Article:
Youth Minister Lorton, VA Assistant/Associate Rector Washington, DC An Evening with Aliya Cycon Playing the Oud: Crossing continents and cultures with the most beautiful instrument you’ve never heard Lancaster, PA (and streaming online) July 3 Director of Administration & Finance Atlanta, GA This Summer’s Anti-Racism Training Online Course (Diocese of New Jersey) June 18-July 16 General Convention, Rector Shreveport, LA AddThis Sharing ButtonsShare to PrintFriendlyPrintFriendlyShare to FacebookFacebookShare to TwitterTwitterShare to EmailEmailShare to MoreAddThis Submit a Press Release Por Sharon Sheridan Posted Jun 28, 2015 Rector Bath, NC Rector (FT or PT) Indian River, MI Featured Events Rector Washington, DC Tags Submit an Event Listing Curate Diocese of Nebraska Join the Episcopal Diocese of Texas in Celebrating the Pauli Murray Feast Online Worship Service June 27 Press Release Service Rector and Chaplain Eugene, OR The Church Investment Group Commends the Taskforce on the Theology of Money on its report, The Theology of Money and Investing as Doing Theology Church Investment Group Episcopal Migration Ministries’ Virtual Prayer Vigil for World Refugee Day Facebook Live Prayer Vigil June 20 @ 7 p.m. ET Curate (Associate & Priest-in-Charge) Traverse City, MI Associate Rector Columbus, GA Associate Rector for Family Ministries Anchorage, AK Submit a Job Listing Assistant/Associate Priest Scottsdale, AZ Rector Pittsburgh, PA Director of Music Morristown, NJ Virtual Celebration of the Jerusalem Princess Basma Center Zoom Conversation June 19 @ 12 p.m. ET Rector Belleville, IL Rector Collierville, TN Family Ministry Coordinator Baton Rouge, LA New Berrigan Book With Episcopal Roots Cascade Books Seminary of the Southwest announces appointment of two new full time faculty members Seminary of the Southwest General Convention 2015 Remember Holy Land Christians on Jerusalem Sunday, June 20 American Friends of the Episcopal Diocese of Jerusalem Featured Jobs & Calls Inaugural Diocesan Feast Day Celebrating Juneteenth San Francisco, CA (and livestream) June 19 @ 2 p.m. PT TryTank Experimental Lab and York St. John University of England Launch Survey to Study the Impact of Covid-19 on the Episcopal Church TryTank Experimental Lab Cathedral Dean Boise, ID Course Director Jerusalem, Israel Rector Tampa, FL The Church Pension Fund Invests $20 Million in Impact Investment Fund Designed to Preserve Workforce Housing Communities Nationwide Church Pension Group Bishop Diocesan Springfield, IL Assistant/Associate Rector Morristown, NJ Rector Knoxville, TN Canon for Family Ministry Jackson, MS Ya no son extranjeros: Un diálogo acerca de inmigración Una conversación de Zoom June 22 @ 7 p.m. ET Rector Albany, NY Episcopal Charities of the Diocese of New York Hires Reverend Kevin W. VanHook, II as Executive Director Episcopal Charities of the Diocese of New York An Evening with Presiding Bishop Curry and Iconographer Kelly Latimore Episcopal Migration Ministries via Zoom June 23 @ 6 p.m. ET [Episcopal News Service – Salt Lake City] Con cornetas y aplausos y sombreros de fiesta, los diputados de la Convención General celebraron el 230º. Aniversario de su cámara el 27 de junio. Mientras los miembros de la Cámara de Obispos se reunían a puertas cerradas en la catedral episcopal de San Marcos a pocas cuadras de distancia para elegir al nuevo obispo primado de la Iglesia Episcopal, miembros de la primera cámara de la Convención General aprovecharon el tiempo, al margen del debate legislativo, para celebrar su historia y honrar a varios de sus líderes anteriores.La Rda. Gay Clark Jennings, presidente de la cámara, proporcionó el contexto histórico para la celebración.“La primera sesión de la Convención General se celebró en 1785 y consistió solamente de la Cámara de Diputados”, dijo ella. “Adoptó un cláusula constitucional por la que establecía una Cámara de Obispos separada, la cual se incorporó a la convención en su segunda sesión de 1789. De manera que la Cámara de Diputados es la más antigua de las dos cámaras de la Convención General por cuatro años.“Es difícil expresar cuán revolucionaria fue la primera Convención General, celebrada a raíz de la Revolución Americana, ciertamente lo fue”, dijo ella. “Es en ese espíritu, el espíritu de innovación, responsabilidad compartida y toma de decisiones y celebración de nuestra historia, que hemos invitado a nuestros previos líderes a que se unan a nosotros esta mañana para nuestra fiesta”.Jennings presentó medallas de la Cámara de Diputados a varios ex líderes de la cámara en persona e in absentia. Los festejantes vieron dos vídeos, en uno de los cuales aparecía el vicepresidente de la Cámara de Diputados Byron Rushing, diputado de Massachusetts, entrevistando a Charles Willie, ex vicepresidente de la Cámara. Los diputados respondieron con una ovación de pie, y Jennings le presentó a Willie la primera medalla.“El Dr. Willie es un pionero educador, el primer profesor afroamericano de la Universidad de Syracuse y funcionario público que trabajó con el presidente John F. Kennedy y el presidente Jimmy Carter, y un líder de la desegregación [racial]”, dijo Jennings. Como vicepresidente de la Cámara de Diputados, predicó en 1974 en la ordenación de “las once de Filadelfia”, las primeras mujeres ordenadas al sacerdocio en la Iglesia Episcopal. “Cuando los obispos rehusaron ratificar esa ordenación y darles iguales derechos a las mujeres, él renunció a su cargo en protesta. Dr. Willie, no lo hemos olvidado”.Jennings también honró a los ex presidentes de la Cámara de Diputados Bonnie Anderson, Rdo. George Werner, el Muy Rdo. David Collins y el obispo Brian Prior, y los ex vicepresidentes , Muy Rdo. Scott Kirby y Vincent Curry.Luego de las presentaciones de las medallas, los diputados tuvieron la oportunidad de posar con imágenes de cartón de famosos líderes de la Cámara del pasado: el obispo William White; la presidente de la Cámara Pamela Chinnis; el magistrado del Tribunal Supremo Thurgood Marshall y Charlie Crump, que sirvió 17 períodos como diputado de la Diócesis de Tennessee Occidental.“Diecisiete convenciones generales. Simplemente piensen en eso”, dijo su ex canciller, el diputado C. Bradford Foster III. Foster dijo que él solía decirle a la gente: ‘¿Qué servicio le presto a Charlie Crump? Le llevo el maletín; eso es todo”.— Sharon Sheridan es corresponsal de Episcopal News Service. Traducción de Vicente Echerri. Rector Hopkinsville, KY Priest Associate or Director of Adult Ministries Greenville, SC In-person Retreat: Thanksgiving Trinity Retreat Center (West Cornwall, CT) Nov. 24-28 Rector Martinsville, VA Rector Smithfield, NC Priest-in-Charge Lebanon, OH Missioner for Disaster Resilience Sacramento, CA Associate Priest for Pastoral Care New York, NY La Cámara de Diputados celebra su 230ª. aniversario Rector/Priest in Charge (PT) Lisbon, ME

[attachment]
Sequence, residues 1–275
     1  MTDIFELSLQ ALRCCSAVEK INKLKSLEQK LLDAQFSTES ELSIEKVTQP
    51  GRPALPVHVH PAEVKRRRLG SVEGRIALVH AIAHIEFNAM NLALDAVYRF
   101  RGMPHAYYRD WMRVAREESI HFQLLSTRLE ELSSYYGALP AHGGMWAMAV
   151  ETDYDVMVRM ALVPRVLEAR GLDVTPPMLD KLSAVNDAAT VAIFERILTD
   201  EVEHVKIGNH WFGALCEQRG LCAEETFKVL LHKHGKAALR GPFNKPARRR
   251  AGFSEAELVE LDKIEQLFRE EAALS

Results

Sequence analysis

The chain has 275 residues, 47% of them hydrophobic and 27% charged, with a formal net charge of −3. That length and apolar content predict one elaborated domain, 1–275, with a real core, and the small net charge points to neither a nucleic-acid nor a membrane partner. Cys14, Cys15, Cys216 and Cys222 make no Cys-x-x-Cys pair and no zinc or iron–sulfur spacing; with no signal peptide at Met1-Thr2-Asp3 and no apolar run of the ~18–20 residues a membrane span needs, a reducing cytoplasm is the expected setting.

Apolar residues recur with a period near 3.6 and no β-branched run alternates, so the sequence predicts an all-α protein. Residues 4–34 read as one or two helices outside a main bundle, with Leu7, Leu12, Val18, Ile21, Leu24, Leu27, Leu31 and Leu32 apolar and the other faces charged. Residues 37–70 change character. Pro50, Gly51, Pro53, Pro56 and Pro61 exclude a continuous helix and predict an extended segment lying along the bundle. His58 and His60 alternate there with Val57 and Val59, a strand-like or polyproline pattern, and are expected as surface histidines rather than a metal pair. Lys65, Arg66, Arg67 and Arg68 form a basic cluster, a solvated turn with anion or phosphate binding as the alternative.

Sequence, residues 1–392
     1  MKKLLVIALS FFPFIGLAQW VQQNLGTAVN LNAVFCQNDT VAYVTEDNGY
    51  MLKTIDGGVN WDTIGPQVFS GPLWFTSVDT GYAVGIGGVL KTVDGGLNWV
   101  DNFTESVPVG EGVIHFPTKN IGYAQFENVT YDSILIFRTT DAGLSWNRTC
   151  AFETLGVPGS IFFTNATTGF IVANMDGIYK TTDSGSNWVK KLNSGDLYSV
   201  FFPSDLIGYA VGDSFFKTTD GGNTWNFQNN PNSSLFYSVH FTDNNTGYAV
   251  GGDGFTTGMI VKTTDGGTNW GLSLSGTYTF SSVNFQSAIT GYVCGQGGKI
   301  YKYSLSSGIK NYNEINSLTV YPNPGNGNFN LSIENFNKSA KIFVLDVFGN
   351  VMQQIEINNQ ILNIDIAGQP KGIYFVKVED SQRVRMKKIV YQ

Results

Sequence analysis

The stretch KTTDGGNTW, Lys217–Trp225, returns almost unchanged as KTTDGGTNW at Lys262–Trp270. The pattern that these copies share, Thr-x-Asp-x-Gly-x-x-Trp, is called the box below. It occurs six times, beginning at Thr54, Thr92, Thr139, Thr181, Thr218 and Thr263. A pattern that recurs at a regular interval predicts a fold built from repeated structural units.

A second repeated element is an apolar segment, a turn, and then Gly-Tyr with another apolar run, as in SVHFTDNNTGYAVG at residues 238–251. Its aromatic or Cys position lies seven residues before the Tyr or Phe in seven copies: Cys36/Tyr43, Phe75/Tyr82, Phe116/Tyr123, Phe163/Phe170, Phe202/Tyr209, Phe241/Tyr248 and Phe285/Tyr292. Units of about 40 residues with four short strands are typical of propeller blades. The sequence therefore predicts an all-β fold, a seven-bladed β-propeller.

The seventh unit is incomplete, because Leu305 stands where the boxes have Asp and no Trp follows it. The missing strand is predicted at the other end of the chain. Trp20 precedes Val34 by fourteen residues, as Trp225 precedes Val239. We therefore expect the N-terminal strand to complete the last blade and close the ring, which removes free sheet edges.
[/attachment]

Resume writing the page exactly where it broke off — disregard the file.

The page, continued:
Home Indiana Agriculture News Yet Another Public Hearing on the RFS By Gary Truitt – Jun 8, 2016 Yet Another Public Hearing on the RFS Facebook Twitter SHARE The EPA recently proposed its ethanol blending levels for 2017 which are again below what is called for in the RFS. Talent feels this is wrong, “We have the production capacity, the infrastructure to supply the ethanol called for in the RFS.” He said the RFS as a policy is working to reduce our nation’s dependence on imported oil and increase the use of renewable fuel and that is why the RFS is under attack. SHARE The EPA hearing starts at 9:00 a.m. Central Time Thursday, June 9, at the Sheraton Crown Center Hotel in Kansas City. Facebook Twitter Jim TalentWe have been here before: an EPA public hearing on the Renewable fuels Standard. It will take place today in Kansas City, and the agriculture and ethanol industries are set to testify. Former Missouri Congressman Jim Talent, co-author the RFS, says opponents of renewable fuels are forcing this hearing, “What is happening here is that the EPA is getting push back from those who have misconceptions about renewable fuels along with pressure from big oil. We need to make sure there is plenty of testimony in support of the RFS.” Some of those scheduled to testify at the public hearing in support of renewable fuels include Pete Ricketts, Governor of Nebraska; Bob Dinneen, President and CEO of the Renewable Fuels Association; Emily Skor, CEO of Growth Energy; Chip Bowling, President of the National Corn Growers Association; Chris Soules, Iowa Farmer and Reality Television Star of “The Bachelor” & “Dancing with the Stars;” Annette Sweeney, Iowa Farmer and Former State Representative; Brian Sowers, Missouri Sportsman and Co-Host of Crappie Masters TV; and Richard Fordyce, Missouri Director of Agriculture. Previous articleIndiana Beef Council Host Farm To Table TourNext articleGood Early June Crop Stands in Northwest Indiana Gary Truitt